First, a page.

There are a number of reasons why hip replacements fail and require revision surgery. Around 7,000 hip revision operations are performed each year in the United Kingdom.
Reasons for failure of hip implants
The most common reason for failure of a hip replacement is loosening of the components in the absence of infection, so-called “aseptic loosening”. The most common underlying cause for this is wear of the bearing surface. As stated elsewhere, the two surfaces of the hip replacement are rubbed together and over time wear can occur. This wear can result in tiny particles of debris. In some circumstances a physiological response to this debris results in a soft tissue reaction around the implant which can, over years, interfere with the way the cement or indeed the implant itself is bonded to bone. If this is allowed to progress, the process can result in loosening of the implant.
Whilst this process may be asymptomatic initially, it can often be picked up on x-ray. This is one of the reasons why follow-up after total joint replacement is important to allow this process to be picked up at an early stage. The process of aseptic loosening is seen in this x-ray.
Other reasons why a hip replacement might need to be revised include infection. As detailed elsewhere, the most common time for infection to occur is acutely following surgery although infection can occur later. An infective organism can either be introduced at the time of surgery but infection can also arise as a consequence of concern elsewhere in the body such as chest infection, urinary tract infection, skin infection or dental sepsis. In these circumstances the patient is likely to experience pain and reduced function in the hip replacement. This can also be associated with redness in the wound area and sometimes even a discharge. Infection is investigated with blood tests and sometimes an aspiration. Certain types of x-rays and scans can also be helpful to diagnose infection.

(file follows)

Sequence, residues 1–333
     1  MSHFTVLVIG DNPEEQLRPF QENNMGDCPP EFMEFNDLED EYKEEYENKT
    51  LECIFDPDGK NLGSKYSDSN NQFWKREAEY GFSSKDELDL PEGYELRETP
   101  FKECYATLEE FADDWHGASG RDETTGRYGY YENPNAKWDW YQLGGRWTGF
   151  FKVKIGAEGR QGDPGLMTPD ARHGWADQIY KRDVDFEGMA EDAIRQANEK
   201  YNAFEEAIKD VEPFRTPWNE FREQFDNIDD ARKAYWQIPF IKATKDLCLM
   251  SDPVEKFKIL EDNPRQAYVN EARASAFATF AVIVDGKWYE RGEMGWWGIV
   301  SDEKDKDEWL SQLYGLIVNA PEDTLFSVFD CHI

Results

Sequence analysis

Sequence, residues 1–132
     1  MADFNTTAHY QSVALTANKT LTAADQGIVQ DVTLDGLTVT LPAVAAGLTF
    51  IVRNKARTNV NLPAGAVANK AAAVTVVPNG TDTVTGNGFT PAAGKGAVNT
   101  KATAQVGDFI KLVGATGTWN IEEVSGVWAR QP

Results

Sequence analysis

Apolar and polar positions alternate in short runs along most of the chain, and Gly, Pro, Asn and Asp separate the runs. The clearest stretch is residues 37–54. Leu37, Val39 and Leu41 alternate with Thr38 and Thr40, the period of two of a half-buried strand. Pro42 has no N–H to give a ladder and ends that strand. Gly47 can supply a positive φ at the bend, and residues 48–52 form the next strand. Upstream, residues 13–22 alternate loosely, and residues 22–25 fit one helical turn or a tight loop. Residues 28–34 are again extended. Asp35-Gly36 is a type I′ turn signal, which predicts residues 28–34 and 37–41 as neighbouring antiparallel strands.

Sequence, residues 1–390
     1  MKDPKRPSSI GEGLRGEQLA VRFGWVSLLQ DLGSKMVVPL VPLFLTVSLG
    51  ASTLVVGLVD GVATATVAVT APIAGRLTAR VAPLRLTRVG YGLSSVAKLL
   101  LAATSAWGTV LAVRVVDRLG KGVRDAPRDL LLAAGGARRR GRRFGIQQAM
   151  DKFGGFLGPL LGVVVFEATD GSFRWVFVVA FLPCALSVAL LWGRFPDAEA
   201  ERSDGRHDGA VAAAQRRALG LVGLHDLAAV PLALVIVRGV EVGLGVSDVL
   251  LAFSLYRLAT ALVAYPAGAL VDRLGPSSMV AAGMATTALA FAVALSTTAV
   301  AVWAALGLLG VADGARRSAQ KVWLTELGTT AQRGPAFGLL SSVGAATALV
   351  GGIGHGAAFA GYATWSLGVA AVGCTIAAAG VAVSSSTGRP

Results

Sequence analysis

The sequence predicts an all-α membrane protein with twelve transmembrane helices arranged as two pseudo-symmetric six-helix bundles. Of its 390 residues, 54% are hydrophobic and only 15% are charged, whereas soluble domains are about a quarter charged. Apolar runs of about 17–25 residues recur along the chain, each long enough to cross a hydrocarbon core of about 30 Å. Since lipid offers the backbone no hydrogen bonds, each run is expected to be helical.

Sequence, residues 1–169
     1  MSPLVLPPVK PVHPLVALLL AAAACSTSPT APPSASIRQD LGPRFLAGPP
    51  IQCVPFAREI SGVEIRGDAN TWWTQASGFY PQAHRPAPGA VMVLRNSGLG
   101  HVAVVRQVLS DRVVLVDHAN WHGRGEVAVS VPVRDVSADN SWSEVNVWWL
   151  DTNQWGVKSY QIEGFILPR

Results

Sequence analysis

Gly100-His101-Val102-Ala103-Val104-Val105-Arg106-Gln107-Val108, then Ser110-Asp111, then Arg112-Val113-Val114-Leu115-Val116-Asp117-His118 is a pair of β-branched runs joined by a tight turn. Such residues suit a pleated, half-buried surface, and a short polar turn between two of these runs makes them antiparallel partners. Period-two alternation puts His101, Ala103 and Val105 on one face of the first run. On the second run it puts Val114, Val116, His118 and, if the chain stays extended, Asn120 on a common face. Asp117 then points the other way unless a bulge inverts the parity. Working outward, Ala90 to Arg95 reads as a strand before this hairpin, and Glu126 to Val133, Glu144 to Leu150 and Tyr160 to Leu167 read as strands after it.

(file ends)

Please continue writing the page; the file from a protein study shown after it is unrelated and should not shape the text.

Another common cause of failure in hip replacement is instability or dislocation. While this can occur as a consequence of wear of the bearing surface resulting in abnormal mechanics reducing the stability of the joint, hip dislocation can occur in the absence of wear.
As stated elsewhere, dislocation is an intrinsic concern with hip surgery. It is important at the time of surgery to ensure that the soft tissues are well balanced and the components perfectly positioned to reduce the risk of dislocation. Unfortunately, despite all the best intentions of both surgeon and patient, dislocation can still occur. While the rate of dislocation is at its highest acutely following surgery before the soft tissues heal and the capsule around the new joint forms, dislocation can occur at any stage following hip surgery.
The most common mechanism is when the patient bends the knee upwards, often to beyond 90°. The hip is specifically at risk when the knee is then turned in towards the mid-line providing an internal rotation of the hip which can then dislocate the hip posteriorly. If hip dislocation occurs this can be associated with disruption of the soft tissue capsule around the hip. Unfortunately, in certain circumstances, this can become a recurrent problem. If that is the case hip revision surgery might be required to deal with whatever is thought to be the underlying cause of dislocation. This revision procedure might merely involve exchanging the bearing components within the hip replacement to increase the soft tissue tension, increase the head size and repair the soft tissues. The procedure might also require actual revision of all the components to change the component orientation and to redress any biomechanical imbalance that is felt to be contributing to hip instability.